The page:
Igor Shafarevich (1923-2017) was a gifted Russian mathematician and Soviet dissident. He associated with some notable "trouble makers" in the USSR, like novelist Aleksandr Solzhenitsyn. One of Shafarevich's students, Ilya Piatetski-Shapiro, revealed that the math savant "disliked the October" and had "negative feelings for Communism. Though he felt political heat, his prowess as a mathematician seems to have protected him from the full forces of Soviet repression.
In his work, The Socialist Phenomenon, Shafarevich analyzed the varieties of collectivist thought throughout time, amongst cultures, and across continents. This post extracts a portion of thought from his section on “The Contours of Socialism,” which addresses the commonalities of socialist thought across space and time.
August Glen-James, editor
As a positive statement about specific relationships between the sexes or between parents and children, it appears in several variants as the total obliteration of the family, communality of wives and the destruction of all ties between parent and child to the point where they may not even know each other. . . .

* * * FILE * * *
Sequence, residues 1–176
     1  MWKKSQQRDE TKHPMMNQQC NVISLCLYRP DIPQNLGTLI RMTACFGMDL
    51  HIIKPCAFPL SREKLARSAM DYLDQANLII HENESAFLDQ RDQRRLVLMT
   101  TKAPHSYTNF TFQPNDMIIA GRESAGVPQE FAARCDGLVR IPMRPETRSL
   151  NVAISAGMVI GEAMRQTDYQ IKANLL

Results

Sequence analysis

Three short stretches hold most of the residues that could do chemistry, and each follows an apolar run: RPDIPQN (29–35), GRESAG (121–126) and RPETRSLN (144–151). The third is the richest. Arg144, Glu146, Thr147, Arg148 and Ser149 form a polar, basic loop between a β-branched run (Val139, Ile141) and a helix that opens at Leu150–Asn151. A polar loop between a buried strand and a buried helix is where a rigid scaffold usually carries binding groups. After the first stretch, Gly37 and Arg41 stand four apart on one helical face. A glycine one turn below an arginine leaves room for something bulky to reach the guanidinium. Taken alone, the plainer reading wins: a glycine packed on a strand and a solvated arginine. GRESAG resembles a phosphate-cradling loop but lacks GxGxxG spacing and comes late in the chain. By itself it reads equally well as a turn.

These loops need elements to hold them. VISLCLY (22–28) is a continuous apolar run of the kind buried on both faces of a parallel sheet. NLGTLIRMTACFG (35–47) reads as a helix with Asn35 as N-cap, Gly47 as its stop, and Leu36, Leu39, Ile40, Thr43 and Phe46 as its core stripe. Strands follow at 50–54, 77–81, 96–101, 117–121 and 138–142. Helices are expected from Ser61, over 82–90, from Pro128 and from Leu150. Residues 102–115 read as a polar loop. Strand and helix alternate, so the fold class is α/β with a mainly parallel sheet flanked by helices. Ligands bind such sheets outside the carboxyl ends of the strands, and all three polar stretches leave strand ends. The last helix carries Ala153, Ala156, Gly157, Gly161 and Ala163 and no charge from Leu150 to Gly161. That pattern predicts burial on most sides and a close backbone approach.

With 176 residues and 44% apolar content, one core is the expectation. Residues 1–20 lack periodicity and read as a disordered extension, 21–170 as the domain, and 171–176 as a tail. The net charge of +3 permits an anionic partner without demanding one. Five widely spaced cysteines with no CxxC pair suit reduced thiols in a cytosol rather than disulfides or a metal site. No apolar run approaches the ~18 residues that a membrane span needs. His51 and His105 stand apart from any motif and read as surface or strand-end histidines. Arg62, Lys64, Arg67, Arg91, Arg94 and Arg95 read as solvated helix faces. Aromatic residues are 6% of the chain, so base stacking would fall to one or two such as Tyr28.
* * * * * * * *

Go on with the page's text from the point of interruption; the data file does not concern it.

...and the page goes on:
In the preceding sections of this book we have gathered together certain data in order to indicate when and in what forms socialism has appeared in human history . . . a dotted outline, a collection of disparate facts selected in a manner that makes possible a judgement about some general features of the entire phenomenon. Utilizing these facts, we can now approach the main subject of our investigation—socialism as a historical concept.
It is natural enough to begin with an attempt to formulate a definition of socialism, if not a formal definition then at least an explanation in general terms of the meaning that we attribute to this concept. . . . Now we must try to determine whether these phenomena possess sufficient unity to make it possible to look on them as a manifestation of the same general concept. . . . We being, therefore, with an enumeration of the basic principles manifested in the activities of socialist states and in the socialist ideologies described earlier. (emphasis added)
1. The Abolition of Private Property
The fundamental nature of this principle is emphasized, for instance, by Marx and Engels: “The theory of Communism may be summed up in a single sentence: ‘Abolition of private property,’” (Communist Manifesto).